News this week that arrests in the Rehtaeh Parsons case in Canada were finally made four months after the teen’s death came as a small measure of comfort to her parents, who noted their daughter didn’t live to see justice.
Rehtaeh Parsons was assaulted at a party in 2011, it was alleged, and after the incident, images of the alleged assault were posted online by other teens party to the actions.
When police investigations determined that he allegations were “he said, she said” despite the evidence readily available on the internet, massive outcry resulted. After Parsons hanged herself in April of 2013, she was discovered and remained in a coma for several days. She was subsequently removed from life support and died.
The online “hacktivist” group Anonymous soon committed to justice for Rehtaeh Parsons, threatening to unmask her alleged assailants if no arrests were made.
Earlier this week, two 18-year-old men were arrested in connection with Parsons’ alleged assault and charged on counts relating to creating and distributing child pornography. After the arrests were announced, RCMP Chief-Supt. Roland Wells said:
“I can tell you that we hope that today’s arrests help the entire community to heal. A young girl has died in what is a tragic set of circumstances. We all need to reflect on how we as a community can come together in Rehtaeh’s memory and see what we can do to work together to support our youth.”
Glen Canning, Rehtaeh’s father, said after the teens — who were not named as they were minors at the time of the alleged assault — were finally arrested:
“She’s dead now. She’s gone. It’s sad and in a way it’s a bit of relief that there may be some sense of justice done in this case.”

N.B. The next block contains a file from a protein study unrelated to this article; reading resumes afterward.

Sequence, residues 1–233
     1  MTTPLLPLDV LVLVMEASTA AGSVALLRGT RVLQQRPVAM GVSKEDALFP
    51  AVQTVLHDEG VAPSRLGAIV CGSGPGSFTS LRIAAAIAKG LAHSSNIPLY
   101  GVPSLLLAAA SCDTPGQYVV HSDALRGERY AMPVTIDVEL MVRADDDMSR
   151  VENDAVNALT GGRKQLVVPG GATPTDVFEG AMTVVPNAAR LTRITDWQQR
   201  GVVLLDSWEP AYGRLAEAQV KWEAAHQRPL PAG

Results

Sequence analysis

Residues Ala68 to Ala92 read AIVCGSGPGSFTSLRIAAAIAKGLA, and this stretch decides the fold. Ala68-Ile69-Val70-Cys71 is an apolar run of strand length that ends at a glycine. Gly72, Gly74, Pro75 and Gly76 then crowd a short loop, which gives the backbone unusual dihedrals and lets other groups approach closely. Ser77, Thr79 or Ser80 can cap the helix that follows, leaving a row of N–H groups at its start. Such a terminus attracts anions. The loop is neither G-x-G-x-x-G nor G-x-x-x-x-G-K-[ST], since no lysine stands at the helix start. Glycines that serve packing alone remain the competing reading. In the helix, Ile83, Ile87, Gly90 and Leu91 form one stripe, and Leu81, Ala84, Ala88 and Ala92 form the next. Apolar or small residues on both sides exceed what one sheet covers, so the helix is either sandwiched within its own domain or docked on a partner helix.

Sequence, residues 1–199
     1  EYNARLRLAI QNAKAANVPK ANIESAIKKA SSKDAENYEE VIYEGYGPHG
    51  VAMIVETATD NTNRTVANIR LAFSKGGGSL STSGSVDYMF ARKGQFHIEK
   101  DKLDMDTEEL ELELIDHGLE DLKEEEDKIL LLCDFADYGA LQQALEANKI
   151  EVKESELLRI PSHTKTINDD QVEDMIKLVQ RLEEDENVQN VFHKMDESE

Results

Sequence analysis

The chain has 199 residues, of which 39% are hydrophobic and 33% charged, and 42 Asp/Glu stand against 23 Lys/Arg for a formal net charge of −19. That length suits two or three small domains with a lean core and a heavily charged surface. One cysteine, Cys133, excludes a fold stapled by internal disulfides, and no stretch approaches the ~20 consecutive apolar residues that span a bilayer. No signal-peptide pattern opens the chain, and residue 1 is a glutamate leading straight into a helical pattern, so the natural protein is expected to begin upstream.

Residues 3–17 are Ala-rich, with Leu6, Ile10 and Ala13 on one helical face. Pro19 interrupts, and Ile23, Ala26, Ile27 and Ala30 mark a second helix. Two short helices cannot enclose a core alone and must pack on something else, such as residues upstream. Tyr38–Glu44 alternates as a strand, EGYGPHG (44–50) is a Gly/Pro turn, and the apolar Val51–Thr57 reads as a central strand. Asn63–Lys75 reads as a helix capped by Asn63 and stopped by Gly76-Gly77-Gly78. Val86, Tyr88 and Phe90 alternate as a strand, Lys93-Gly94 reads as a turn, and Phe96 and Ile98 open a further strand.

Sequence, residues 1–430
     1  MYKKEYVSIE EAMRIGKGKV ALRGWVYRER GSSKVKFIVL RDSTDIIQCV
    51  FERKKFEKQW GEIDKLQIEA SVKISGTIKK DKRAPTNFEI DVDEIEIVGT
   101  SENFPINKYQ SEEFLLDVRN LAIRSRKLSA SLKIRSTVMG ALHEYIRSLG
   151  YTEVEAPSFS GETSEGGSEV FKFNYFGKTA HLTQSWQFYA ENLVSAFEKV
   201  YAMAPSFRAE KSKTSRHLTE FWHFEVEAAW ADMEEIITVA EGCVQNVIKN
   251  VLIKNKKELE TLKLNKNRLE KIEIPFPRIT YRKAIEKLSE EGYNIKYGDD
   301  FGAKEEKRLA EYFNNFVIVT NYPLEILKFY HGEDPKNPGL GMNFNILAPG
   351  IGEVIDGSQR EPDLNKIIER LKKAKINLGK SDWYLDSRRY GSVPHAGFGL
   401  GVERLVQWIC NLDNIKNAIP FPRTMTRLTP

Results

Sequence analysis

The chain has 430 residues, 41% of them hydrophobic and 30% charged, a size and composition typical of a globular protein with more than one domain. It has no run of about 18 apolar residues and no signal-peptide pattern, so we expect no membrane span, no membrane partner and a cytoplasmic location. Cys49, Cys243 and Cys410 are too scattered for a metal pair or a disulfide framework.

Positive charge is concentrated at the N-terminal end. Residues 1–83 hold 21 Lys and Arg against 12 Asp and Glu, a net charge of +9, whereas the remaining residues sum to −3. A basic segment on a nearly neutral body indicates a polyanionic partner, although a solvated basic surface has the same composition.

Prime Minister Stephen Harper, who earlier this year met with Leah Parsons, Rehtaeh’s mother, said he hoped that the girl’s family would be given a degree of comfort with the progress in the case.
“This is a terrible tragedy that had touched not only the families but many other Canadians who have become familiar with what has transpired and the kind of risk this presents to all of our children,” Harper said in Saint John, N.B., where he was at the Irving Oil refinery.
“I just want to say how pleased we are that progress is being made. I hope it provides some measure of comfort to family members.”
While “cyberbullying” loomed large over the Rehtaeh Parsons case, Prime Minister Stephen Harper said the term did not fit, and that he found the case sickening:
“I think we’ve got to stop just using just the term bullying to describe some of these things. Bullying to me has a connotation of kids misbehaving. What we are dealing with in some of these circumstances is simply criminal activity. It is youth criminal activity. It is violent criminal activity. It is sexual criminal activity, and it is often Internet criminal activity.”
The teens arrested in Rehtaeh Parsons’ alleged assault are due in court next week.